Two Questions to Ask Yourself Every Morning

I recently spoke at a conference in Silicon Valley and I was pleased to stay for the rest of the event afterwards. The final speaker, Connie Podesta, said something which struck my curiosity. She said, “I am going to share the two most important questions you will everanswer. If you answer no to either of them I will know some things about you. I will know you are more stressed than you need to be. I will know you are unhappier than you need to be.” She had my attention.

Here are the two questions:

#1 Are you proud of the choices you are making at home?

#2 Are you proud of the choices you are making at work?

We might feel tempted to push these questions aside as being overly simplistic. Yet, as Oliver Wendell Holmes is credited with saying, “I wouldn’t give a fig for simplicity on this side of complexity but I’d give my right arm for simplicity on the other side of complexity.”

One reason these questions strike me as simplicity on the other side of complexity is they remind us to pay attention to our current choices rather than our current results. Our results, whether we are currently experiencing success or failure, can be misleading because they happen after the fact. They are lag indicators. Consider how these questions can help:

In Times of Failure.There are clearly times when things are not going as we want them at work or at home. We could complain about this. We could make a fuss. We could become discouraged. Yet, if we ask these two questions every morning we can focus our energy on the choices we can make. Messed up something? Fine. We can get back on track. We can ask whether we are proud of the choices we are making now.

In Times of Success. Success can be a poor teacher. It can teach us to underinvest in the things which generated the success in the first place. I have argued this more fully in a piece for Harvard Business Review where I intentionally overstate the case in order to make it:success can be a catalyst for failure. We can begin to coast along and in the very moment of our greatest outward achievements we can make choices which undermine our future success.

In Rudyard Kipling’s beautiful poem “If” he brings together both of these scenarios when he penned counsel to his son:

“If you can meet with Triumph and Disaster

And treat those two impostors just the same…”

Kipling cautions his son to distrust both success (triumph) and failure (disaster) as imposters. He warns him both are deceptive.

Asking these two questions and becoming more deliberate in our choices can seem like a small thing in the moment. Sometimes we feel we are too busy living to really think about life. Yet failure to reflect on these questions could contribute to a life of regrets. Indeed, an Australian nurse, Bronnie Ware, cared for people in the last 12 weeks of their lives and she recorded the most often-discussed regrets. At the top of the list: “I wish I’d had the courage to live a life true to myself, not the life others expected of me.” Next on the list: “I wish I hadn’t worked so hard” and “I wish I’d had the courage to express my feelings.”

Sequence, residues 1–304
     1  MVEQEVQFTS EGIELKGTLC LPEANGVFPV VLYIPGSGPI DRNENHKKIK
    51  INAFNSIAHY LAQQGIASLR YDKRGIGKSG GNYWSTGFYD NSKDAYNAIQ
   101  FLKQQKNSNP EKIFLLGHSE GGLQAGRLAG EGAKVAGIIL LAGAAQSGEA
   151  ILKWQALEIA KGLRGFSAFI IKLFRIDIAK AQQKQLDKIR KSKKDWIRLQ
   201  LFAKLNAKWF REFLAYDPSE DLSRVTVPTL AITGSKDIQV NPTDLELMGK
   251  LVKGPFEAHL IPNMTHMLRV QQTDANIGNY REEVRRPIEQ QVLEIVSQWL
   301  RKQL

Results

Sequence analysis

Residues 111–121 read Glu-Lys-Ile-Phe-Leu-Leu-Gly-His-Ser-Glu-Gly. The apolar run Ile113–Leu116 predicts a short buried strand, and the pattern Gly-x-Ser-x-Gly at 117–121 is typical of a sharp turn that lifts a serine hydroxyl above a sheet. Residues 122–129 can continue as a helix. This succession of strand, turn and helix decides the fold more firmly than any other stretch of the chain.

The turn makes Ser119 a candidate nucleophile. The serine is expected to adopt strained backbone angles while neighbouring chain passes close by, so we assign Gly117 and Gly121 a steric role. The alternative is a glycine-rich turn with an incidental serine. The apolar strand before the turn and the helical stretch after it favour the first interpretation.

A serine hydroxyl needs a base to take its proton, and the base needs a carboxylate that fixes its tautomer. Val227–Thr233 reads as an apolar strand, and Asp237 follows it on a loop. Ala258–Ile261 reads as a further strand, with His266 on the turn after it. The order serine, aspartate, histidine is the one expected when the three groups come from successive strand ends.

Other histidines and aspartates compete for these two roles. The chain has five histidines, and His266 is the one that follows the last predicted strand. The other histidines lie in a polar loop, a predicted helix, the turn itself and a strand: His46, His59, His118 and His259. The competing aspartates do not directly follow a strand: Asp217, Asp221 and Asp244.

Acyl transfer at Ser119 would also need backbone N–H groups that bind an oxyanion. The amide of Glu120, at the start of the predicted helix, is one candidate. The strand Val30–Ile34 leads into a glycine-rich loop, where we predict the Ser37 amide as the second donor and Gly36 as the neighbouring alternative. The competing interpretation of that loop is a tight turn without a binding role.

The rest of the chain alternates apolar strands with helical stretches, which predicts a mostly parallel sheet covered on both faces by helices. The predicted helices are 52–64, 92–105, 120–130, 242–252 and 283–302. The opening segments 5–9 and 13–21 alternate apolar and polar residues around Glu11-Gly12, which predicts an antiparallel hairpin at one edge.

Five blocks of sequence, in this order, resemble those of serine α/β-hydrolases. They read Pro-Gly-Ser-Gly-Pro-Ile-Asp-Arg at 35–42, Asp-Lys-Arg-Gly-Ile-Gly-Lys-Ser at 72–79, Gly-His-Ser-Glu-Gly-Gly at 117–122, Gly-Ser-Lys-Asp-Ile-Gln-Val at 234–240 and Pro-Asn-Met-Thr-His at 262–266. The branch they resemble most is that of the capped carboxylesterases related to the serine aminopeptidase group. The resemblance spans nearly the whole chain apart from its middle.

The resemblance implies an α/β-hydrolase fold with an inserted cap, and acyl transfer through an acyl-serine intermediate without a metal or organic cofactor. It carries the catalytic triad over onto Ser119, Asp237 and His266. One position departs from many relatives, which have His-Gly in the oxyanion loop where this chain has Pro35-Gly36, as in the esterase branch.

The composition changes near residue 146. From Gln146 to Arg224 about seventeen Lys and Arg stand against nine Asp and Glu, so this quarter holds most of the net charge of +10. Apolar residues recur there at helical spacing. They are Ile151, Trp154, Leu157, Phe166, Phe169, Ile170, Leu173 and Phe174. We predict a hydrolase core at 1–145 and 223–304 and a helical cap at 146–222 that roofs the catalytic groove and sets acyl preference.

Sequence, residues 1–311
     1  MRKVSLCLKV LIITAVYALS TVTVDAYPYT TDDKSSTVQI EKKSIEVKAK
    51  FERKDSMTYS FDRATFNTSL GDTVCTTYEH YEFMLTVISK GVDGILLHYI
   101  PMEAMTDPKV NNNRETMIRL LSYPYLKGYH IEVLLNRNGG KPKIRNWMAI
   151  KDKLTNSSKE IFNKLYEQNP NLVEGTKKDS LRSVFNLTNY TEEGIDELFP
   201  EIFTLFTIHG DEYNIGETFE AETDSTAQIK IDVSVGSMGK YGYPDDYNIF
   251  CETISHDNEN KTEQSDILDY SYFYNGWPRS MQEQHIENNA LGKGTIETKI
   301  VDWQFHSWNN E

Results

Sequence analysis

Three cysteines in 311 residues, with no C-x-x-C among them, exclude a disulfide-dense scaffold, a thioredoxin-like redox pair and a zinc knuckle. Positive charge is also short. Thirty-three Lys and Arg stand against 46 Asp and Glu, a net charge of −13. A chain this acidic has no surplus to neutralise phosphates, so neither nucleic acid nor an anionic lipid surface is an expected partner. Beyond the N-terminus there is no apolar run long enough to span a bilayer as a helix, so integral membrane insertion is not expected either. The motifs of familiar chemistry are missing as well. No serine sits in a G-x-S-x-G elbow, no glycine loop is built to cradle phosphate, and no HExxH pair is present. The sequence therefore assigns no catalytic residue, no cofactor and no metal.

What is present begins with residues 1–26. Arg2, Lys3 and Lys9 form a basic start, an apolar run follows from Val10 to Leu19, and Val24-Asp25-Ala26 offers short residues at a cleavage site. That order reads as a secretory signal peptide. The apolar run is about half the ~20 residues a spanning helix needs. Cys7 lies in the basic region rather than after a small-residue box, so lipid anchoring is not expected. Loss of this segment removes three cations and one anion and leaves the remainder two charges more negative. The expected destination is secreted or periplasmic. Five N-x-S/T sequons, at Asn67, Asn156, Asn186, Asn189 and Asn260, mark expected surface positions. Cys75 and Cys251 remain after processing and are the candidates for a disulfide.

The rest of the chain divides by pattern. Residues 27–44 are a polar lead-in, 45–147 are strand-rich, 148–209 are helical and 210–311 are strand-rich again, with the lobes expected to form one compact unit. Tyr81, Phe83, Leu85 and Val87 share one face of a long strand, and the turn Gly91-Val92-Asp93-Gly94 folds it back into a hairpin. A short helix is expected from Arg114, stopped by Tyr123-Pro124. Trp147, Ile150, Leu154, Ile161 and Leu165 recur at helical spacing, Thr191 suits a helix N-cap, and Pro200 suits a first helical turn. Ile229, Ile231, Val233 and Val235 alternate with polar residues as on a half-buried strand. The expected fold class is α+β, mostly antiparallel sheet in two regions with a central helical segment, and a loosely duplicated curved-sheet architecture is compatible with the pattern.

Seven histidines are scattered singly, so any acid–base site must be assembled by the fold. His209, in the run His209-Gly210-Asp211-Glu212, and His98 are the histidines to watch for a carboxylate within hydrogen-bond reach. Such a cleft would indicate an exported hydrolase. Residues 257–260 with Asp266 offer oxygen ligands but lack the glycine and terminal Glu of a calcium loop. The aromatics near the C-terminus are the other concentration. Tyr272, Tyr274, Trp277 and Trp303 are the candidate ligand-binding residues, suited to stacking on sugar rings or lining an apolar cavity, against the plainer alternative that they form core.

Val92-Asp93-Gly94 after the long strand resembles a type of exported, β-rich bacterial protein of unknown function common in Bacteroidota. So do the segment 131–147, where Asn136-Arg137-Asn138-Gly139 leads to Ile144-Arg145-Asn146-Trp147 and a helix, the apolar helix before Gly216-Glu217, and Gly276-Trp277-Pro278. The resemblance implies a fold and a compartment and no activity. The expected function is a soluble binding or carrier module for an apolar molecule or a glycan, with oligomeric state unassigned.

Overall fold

I am not sure these are the most important two questions we will ever ask, but surely we will have fewer regrets if we spend a moment every morning asking them.

Read the Article:  Two Questions You Should Ask Yourself Every Morning – LinkedIn

6 thoughts on “Two Questions to Ask Yourself Every Morning

  1. Chuck Gerace says:

    Greg, I was lead here by your post I read today, posted 3/26/13 on HBR. What Will You Create to Make the World Awesome.

    I have been thinking of my life in this manner,and after reading you article I am pushed closer to making changes in my life to align myself with your comments and less with did I make more money today and not enjoy this great day.

    From now on I will ask myself every morning;

    “If this is the last morning I wake up, did I make the world a better place, and did I enjoy myself doing it?”


  2. Anna Iwaniuk says:

    Well, the simplicity of these two questions, is also carrying this underlying meaning to me: it’s so simple to deal with simple stuff, why ‘losing’ time for that? Wherever I can, I put all my effort into tackling the most difficult. Often, and I believe it is really a rule, the simple becomes impossible to notice; there are too many “important” and “complex” things going on in life -right? Once I remember this paradox, I will definitely ask myself these two simple questions more often. Thank you for sharing this and I hope your book will be soon available to Polish readers!

  3. Ndila Kimeu says:

    Why am I just seeing this? It’s beautiful and very enlightening. The focus should indeed be based on our wrong decisions and how to right them as opposed to just living our lives blindly… and to some extent, as a chore. Thanks.